"and the dots will be connected to foreign actors..."Delete
...and from the report:
"Dominion voting system is a Canadian owned company with global subsidiaries. It is owned by Staple Street Capital which is in turn owned by UBS Securities LLC, of which 3 out of their 7 board members are Chinese nationals. The Dominion software is licensed from Smartmatic which is a Venezuelan owned and controlled company. Dominion Server locations have been determined to be in Serbia, Canada, the US, Spain and Germany."
Another report on Antrim County [MI]:ReplyDelete
Dominion Software Intentionally Designed to Influence Election Results: Forensics Report
A forensic audit of Dominion Voting Systems machines and software in Michigan showed that they were designed to create fraud and influence election results, a data firm said Monday.
“We conclude that the Dominion Voting System is intentionally and purposefully designed with inherent errors to create systemic fraud and influence election results,” Russell Ramsland Jr., co-founder of Allied Security Operations Group, said in a preliminary report.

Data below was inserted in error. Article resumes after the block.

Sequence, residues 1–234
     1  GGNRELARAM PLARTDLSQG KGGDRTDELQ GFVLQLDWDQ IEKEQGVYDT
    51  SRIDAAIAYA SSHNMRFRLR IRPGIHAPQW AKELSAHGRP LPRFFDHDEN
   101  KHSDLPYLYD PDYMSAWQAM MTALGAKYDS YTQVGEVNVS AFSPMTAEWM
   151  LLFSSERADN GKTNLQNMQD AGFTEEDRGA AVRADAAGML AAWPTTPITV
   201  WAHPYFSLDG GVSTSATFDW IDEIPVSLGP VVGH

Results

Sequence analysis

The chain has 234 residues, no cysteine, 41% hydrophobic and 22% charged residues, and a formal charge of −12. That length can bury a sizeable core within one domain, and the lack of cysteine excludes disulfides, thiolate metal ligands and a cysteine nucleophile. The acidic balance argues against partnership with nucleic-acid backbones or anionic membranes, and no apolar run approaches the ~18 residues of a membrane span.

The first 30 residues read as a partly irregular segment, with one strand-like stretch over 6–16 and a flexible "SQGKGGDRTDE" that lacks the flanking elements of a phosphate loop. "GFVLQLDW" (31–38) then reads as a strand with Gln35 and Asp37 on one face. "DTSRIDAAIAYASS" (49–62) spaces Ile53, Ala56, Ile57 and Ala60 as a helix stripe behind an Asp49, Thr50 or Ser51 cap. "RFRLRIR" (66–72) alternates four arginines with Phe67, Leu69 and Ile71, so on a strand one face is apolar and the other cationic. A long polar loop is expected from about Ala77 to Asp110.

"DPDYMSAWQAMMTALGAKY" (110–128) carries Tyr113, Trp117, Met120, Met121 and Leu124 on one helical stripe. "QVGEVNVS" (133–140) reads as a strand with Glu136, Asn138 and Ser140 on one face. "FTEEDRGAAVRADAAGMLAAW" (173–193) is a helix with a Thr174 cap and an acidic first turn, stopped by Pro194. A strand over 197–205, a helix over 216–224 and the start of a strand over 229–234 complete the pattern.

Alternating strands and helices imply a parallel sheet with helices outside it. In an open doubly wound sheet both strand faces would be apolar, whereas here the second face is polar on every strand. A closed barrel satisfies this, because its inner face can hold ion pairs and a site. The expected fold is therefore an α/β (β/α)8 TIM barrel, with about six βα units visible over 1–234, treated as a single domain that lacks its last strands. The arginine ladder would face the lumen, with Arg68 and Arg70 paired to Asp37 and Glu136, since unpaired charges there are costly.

“The system intentionally generates an enormously high number of ballot errors. The electronic ballots are then transferred for adjudication. The intentional errors lead to bulk adjudication of ballots with no oversight, no transparency, and no audit trail. This leads to voter or election fraud. Based on our study, we conclude that The Dominion Voting System should not be used in Michigan. We further conclude that the results of Antrim County should not have been certified,” he added.
Sorry for reposting the same linking info PubliusFlavius had already put up, I jumped the shark.ReplyDelete
On the court(s)
I'll go back to what I said the other day. These courts are completely terrified of what the results would be of actually getting into any of the evidence in this.
The USSC is particularly terrified of having a pissed off left, or what they will push the right into if they look at the merits and refuse to act. If they do nothing the right still going to get up and go to work, pay taxes and issue strongly worded letters.